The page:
Ever wondered what it’s like to make a film? The different aspects of filmmaking are often not well understood until one actually sees it all in action. Emerging South African filmmaker and screenwriter based in the United States, Tumelo Tladi takes us through a day in the life of a 1st assistant director on the set of an independent film in production.
The objective: shoot a series of ten scenes written independently as part of pilot episodes of an anthology series about life in Brooklyn, New York, and call it Map of Brooklyn.
She writes in a thread on Twitter, “The mission was ambitious. Ten scenes from a ten-episode anthology series, shot in five days on location in January (winter). And, a cast of 25 lead actors, some extras and a crew of 30-35, paid. Began pre-production in September, and have been in post for four months.” The production was filmed over the course of five days, excluding days for prep. And, the budget: $50 000 (roughly R730 000) - much more than any indie production can ever hope to work with.
Tumelo was tasked with one of the hardest and most challenging jobs on any film or TV set -- the 1st assistant director, aka 1st AD. Of all the on-set crew, the one who's running the show; the first one in, and the last one out.
She says about the role, "No matter how hard you prepare, you will always get something new each and every day when you show up to set. So it’s always best to know how to triage, handle multiple personalities, conflict and any potential disasters. Basically, be ready for anything. And, watch the clock!"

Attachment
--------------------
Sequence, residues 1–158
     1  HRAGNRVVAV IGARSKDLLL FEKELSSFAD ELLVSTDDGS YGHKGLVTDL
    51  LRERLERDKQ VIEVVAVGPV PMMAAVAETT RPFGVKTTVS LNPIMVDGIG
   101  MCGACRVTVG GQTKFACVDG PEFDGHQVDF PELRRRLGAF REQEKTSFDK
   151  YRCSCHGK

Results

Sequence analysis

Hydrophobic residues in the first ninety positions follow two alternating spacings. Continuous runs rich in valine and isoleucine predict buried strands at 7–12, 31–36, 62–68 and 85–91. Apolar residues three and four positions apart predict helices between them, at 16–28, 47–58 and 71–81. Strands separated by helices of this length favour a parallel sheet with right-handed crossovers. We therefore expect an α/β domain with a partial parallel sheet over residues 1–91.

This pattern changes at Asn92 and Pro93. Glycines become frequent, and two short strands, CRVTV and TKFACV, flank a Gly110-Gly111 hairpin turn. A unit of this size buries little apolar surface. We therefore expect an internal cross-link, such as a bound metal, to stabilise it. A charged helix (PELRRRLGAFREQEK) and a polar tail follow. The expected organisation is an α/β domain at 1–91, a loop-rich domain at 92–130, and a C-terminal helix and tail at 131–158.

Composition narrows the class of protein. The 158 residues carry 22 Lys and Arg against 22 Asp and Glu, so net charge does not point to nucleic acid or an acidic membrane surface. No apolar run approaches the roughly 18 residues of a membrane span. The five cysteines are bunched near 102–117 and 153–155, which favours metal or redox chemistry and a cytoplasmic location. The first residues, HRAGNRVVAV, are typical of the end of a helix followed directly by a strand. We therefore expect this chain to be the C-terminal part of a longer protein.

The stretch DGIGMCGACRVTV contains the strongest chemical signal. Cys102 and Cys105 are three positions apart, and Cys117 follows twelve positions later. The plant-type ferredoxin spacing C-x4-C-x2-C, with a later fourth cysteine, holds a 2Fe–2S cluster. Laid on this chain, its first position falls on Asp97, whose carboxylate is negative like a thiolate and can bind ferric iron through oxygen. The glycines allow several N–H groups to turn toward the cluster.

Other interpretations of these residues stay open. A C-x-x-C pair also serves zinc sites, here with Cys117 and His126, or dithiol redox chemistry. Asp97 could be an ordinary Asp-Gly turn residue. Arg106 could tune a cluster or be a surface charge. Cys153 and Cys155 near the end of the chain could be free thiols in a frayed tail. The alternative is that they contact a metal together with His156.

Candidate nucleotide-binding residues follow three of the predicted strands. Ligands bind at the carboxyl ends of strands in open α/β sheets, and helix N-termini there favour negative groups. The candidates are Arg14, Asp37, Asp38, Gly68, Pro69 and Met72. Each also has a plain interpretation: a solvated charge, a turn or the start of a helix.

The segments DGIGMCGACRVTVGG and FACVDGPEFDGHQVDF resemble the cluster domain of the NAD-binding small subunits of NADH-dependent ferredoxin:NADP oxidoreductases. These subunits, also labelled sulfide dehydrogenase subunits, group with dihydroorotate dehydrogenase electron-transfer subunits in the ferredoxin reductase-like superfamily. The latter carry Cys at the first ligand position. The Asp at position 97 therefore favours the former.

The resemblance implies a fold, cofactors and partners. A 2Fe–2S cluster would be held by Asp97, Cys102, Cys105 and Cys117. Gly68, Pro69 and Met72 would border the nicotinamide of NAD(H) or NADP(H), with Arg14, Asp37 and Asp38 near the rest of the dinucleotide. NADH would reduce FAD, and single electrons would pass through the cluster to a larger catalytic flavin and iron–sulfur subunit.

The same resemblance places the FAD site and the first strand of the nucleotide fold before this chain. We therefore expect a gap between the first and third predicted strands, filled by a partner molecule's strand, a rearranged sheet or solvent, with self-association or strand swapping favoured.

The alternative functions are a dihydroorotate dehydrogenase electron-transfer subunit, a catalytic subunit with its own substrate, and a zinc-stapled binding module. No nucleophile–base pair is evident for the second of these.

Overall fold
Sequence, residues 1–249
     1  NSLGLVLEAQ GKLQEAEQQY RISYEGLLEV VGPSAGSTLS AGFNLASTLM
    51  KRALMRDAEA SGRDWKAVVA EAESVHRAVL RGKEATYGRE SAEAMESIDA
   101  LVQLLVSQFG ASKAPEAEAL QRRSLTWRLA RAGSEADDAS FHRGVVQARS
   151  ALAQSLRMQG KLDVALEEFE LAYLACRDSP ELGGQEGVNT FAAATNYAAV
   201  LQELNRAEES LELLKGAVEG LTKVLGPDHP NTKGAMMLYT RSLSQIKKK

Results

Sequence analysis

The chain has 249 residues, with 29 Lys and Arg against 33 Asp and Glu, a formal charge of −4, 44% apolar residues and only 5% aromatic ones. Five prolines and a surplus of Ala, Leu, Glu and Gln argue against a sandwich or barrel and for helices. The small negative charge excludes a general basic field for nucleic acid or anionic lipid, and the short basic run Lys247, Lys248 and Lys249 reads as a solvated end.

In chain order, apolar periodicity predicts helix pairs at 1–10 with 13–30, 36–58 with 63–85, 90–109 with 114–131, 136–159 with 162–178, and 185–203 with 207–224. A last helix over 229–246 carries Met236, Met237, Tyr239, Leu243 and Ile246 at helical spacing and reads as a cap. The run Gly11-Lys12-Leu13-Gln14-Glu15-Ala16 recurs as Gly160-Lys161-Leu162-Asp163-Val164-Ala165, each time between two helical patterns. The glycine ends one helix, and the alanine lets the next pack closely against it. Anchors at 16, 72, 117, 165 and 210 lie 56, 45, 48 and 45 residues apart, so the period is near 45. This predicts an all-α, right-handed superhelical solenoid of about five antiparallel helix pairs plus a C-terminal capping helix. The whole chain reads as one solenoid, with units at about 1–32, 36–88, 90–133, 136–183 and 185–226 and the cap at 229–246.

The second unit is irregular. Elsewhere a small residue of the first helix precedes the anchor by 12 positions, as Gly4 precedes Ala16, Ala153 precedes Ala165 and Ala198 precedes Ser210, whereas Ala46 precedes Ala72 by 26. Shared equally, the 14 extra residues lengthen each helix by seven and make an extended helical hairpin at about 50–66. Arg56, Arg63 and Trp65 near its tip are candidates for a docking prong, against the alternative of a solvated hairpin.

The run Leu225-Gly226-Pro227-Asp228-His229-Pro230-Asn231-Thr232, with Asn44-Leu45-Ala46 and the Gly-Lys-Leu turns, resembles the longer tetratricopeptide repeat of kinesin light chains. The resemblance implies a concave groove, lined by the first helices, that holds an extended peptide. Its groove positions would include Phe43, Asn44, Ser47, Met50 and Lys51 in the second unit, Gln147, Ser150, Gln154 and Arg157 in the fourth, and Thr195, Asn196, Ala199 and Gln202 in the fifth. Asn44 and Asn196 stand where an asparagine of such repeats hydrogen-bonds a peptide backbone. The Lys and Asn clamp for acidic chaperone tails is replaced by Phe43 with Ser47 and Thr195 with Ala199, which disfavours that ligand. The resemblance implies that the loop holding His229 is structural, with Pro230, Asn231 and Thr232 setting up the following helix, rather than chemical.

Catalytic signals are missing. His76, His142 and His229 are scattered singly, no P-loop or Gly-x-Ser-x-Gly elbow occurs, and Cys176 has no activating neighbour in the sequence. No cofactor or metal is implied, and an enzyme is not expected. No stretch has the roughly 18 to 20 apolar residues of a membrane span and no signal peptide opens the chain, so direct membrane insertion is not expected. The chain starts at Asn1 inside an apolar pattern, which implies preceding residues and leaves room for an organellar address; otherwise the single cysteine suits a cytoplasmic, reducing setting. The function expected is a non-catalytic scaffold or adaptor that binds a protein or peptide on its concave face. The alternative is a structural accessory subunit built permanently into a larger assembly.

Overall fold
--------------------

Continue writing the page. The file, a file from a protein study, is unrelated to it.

The 35-year-old stresses that as 1st AD, one really needs to be smooth, but also respectful of all the crew in order to get their way. "Remember that everyone has a job to do. Don’t do their job for them. Your job as the 1st AD is to make the director’s life on set as easy and as smooth as humanly possible. And, everyone else’s job is to make sure you can do that, IF things don’t go according to plan. This is triage work; preemptive work. Prioritising. Damage control might be going on behind the scenes (and over walkie), but it should be smooth sailing on set in front of the camera with the actors, the director, and director of photography. If you can pull that off, you’re a genius", she adds.
After all the hard work on set and in post-production, the anthology short was finally set to premiere on 4 May, but due to the pandemic and the subsequent lockdowns, the planned screening was turned into a live YouTube premiere, followed by a virtual “meet and greet” with the writers, the director and some of the executive producers.
And, that is how you make an indie production. The full thread with insight into each department can be found on the filmmaker's Twitter and the full Map of Brooklyn anthology short is also available to watch online. Tumelo's currently in pre-production and crowdfunding for another short, scripted during the initial lockdown in 2020.